The person we have to blame in all of this is Noah Webster. Noah didn't like many of the rules of proper English. He took out the "u" in colour, replaced the 'c' with an 's' in defence, took out the 'ue' in dialogue, dropped the extra 'l' in traveller and replaced the 's' with 'z' in criticise. He even tried to drop the 'ue' on tongue - tung! The point of this fact is that Americans intentionally changed spelling because they thought that their children would learn better if they simplified it, by changing the rules. How would we be if Australia, New Zealand and Canada made up their own rules as well?

#33 Edited by rachelepithet (1393 posts) -

.

#34 Posted by DeeGee (2143 posts) -

@Contrarian said:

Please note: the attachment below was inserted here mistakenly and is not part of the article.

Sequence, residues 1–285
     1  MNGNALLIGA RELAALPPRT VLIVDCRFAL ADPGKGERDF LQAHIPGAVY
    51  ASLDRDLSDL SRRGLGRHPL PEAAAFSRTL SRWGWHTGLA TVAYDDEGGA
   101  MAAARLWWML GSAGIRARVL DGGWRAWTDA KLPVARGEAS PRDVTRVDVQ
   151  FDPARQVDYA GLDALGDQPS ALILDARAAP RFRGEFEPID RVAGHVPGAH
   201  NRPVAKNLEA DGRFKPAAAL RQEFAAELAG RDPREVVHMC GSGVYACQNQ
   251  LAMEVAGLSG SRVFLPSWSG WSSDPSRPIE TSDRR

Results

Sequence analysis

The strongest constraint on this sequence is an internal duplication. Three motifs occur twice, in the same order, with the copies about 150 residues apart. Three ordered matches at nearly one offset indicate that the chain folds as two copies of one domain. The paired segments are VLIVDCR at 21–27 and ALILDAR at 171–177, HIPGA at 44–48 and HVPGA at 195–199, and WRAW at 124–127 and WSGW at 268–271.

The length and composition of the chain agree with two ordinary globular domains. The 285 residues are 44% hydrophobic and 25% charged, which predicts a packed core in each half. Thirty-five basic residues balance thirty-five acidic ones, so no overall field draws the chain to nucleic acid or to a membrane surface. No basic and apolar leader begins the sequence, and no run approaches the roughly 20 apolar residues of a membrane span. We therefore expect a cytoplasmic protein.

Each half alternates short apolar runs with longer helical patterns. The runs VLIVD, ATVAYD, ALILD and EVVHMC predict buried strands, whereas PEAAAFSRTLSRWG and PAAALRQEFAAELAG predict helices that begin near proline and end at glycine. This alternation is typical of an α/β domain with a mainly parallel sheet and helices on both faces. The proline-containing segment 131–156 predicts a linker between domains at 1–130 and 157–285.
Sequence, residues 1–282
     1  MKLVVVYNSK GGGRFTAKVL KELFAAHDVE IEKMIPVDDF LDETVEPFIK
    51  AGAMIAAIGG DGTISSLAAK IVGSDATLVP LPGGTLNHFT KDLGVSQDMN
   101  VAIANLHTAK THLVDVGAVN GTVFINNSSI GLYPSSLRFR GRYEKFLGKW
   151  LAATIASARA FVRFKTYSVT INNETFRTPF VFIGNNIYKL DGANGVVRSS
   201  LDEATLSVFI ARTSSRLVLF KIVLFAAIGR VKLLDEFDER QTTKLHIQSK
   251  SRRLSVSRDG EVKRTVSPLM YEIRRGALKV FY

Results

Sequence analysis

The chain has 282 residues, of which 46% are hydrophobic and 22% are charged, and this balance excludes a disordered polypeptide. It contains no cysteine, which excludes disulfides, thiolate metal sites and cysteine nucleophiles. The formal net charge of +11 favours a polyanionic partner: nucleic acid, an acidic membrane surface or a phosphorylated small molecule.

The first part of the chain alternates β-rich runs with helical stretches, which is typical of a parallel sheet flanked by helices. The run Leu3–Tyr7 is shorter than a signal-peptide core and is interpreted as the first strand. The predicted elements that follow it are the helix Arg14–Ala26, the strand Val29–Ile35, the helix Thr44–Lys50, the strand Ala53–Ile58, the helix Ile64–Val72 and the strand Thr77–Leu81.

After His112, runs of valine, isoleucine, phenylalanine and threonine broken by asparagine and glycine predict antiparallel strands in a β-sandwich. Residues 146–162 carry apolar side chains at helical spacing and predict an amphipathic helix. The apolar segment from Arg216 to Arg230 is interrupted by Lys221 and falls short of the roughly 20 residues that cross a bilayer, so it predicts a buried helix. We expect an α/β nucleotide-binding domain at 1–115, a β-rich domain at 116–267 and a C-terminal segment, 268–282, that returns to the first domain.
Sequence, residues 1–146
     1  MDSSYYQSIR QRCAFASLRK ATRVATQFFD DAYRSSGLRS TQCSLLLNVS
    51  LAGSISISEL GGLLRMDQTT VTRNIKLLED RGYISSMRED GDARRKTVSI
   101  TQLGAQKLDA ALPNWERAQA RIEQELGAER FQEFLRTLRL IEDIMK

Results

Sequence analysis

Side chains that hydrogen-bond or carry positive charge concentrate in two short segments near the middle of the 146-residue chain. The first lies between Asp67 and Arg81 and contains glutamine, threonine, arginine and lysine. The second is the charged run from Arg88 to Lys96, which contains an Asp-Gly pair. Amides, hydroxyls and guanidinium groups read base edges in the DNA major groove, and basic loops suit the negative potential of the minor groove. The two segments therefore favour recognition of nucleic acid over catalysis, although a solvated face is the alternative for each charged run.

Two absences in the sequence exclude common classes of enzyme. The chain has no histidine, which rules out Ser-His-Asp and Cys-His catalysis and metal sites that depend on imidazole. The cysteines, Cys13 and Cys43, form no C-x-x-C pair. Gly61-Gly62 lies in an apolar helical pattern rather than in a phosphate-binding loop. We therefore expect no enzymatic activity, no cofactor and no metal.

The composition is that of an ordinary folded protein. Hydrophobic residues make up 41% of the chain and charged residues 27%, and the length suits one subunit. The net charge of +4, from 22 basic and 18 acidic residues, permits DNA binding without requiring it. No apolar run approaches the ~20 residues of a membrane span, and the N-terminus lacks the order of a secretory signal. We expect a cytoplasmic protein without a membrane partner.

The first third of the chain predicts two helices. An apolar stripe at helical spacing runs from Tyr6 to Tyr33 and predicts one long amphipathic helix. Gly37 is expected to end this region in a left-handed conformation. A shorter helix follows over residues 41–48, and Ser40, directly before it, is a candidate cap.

@Hunter5024 said:

This isn't about accents its about spelling. Phonetically you would never use the letter combo of "re" to make the schwa regardless of your accent you would use "uh", so yes it is more phonetically accurate than the "Theatre" spelling. "Thee-uh-ter" is a closer spelling to Theater and Theatre then "Thee-uh-tuh" is. Your gripe seems to be more with the fact that the word itself changed pronunciations over here, and that everyone in America is pronouncing it incorrectly, but that's actually the spelling of Theatre's fault. Language is always changing, and if people start pronouncing an R that they aren't supposed to then maybe that R shouldn't be there in the first place; which is why I'm defending the more phonetic spelling to begin with.

No, it is about the way it is pronounced and changing the spelling to accommodate that. Phonetics doesn't work and should never be used in English. The phonetic Americans use is the "er". Theatre pronounced by some Americans is "thee-ay-ter", not "thee-uh-ter". I barely know were to begin with your post.